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26 November 2012Cubillas Ding
I am working on a series of future oriented research related to the future of risk management and speaking to a number of firms: from financial institutions stakeholders at the forefront of risk management challenges; to new risk technology startups, as well as investment and private equity firms interested in opportunities that the evolution in risk management is bringing. When speaking with firms, the challenges of (what I term as) operational orchestration often comes up in one form or another. Here, one critical factor for success in achieving the right degree of orchestration entails developing and implementing the technology and operational infrastructure to deliver and embed requirements in day-to-day workflows. Nevertheless, in our experience, this area is where risk appetite and strategic objectives/measures get lost in translation, and where big picture ambitions are misaligned with the right execution in front line functions. The conundrums are typically characterized as follows, in particular:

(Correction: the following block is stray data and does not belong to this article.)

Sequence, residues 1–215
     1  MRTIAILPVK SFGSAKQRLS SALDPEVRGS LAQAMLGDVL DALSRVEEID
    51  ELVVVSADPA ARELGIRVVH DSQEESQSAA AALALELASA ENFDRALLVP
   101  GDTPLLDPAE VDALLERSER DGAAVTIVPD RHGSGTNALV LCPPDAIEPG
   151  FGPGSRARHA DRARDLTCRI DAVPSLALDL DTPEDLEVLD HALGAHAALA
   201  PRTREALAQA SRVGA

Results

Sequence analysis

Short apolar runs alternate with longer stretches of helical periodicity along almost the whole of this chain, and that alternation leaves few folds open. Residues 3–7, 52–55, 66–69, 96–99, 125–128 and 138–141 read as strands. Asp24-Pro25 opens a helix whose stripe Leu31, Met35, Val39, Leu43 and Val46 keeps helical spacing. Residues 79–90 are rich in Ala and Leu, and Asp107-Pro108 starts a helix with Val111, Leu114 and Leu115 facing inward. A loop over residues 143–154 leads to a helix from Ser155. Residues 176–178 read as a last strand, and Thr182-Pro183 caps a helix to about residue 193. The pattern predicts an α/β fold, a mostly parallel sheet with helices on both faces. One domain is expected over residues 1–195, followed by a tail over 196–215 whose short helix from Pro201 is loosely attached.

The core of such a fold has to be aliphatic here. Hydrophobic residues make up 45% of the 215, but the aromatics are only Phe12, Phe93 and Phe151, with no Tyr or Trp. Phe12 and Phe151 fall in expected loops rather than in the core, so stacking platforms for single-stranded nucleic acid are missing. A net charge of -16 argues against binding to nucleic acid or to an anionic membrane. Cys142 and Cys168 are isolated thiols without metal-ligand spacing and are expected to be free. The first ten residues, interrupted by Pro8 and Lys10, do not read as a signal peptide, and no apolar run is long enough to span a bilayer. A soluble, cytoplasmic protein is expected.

- Ensuring proactive and timely capture, monitoring and escalation of risk before they inflict material damage. There is a need to “right speed” latency of risk information delivery, in accordance with the velocity of risk in different parts of the firm’s portfolio and under different market conditions (e.g., lending/ banking book transactions may require significantly less latency compared to the trading book; normal vs. stressed conditions will exhibit different risk characteristics).
- Accelerating go-to-market time for risk management initiatives, yet reducing project risks associated with the pace and pressures of regulatory driven risk projects. For example, we observe forward-thinking firms actively expanding the use of quality management, rapid development methodologies and tools which enable IT architects, business analysts and testing teams to better achieve the precise mapping and modeling of changes within the firm. Here, as the financial industry evolves to become what I term as "ultra regulated" (for instance, akin to the utilities and nuclear industry where critical risk incidents result in significant catastrophes and loss of lives), IT planning and delivery functions will need to raise their game (note: not only to the expectations of regulators).
- Finding cost effective ways of delivering risk technology capabilities. In a situation where changes are fast-paced, complex and expensive to execute, firms would be wise to explore answers to the following questions: How can we maintain strategic flexibility and explore alternative technology options to go-to-market faster e.g. open source analytics, cloud deployments, joint R&D arrangements, venture capital, etc.? What technology ‘bets’ should a firm be placing, and when? How much should you wager? What is the right mix of short-term and long-term 'bets'?
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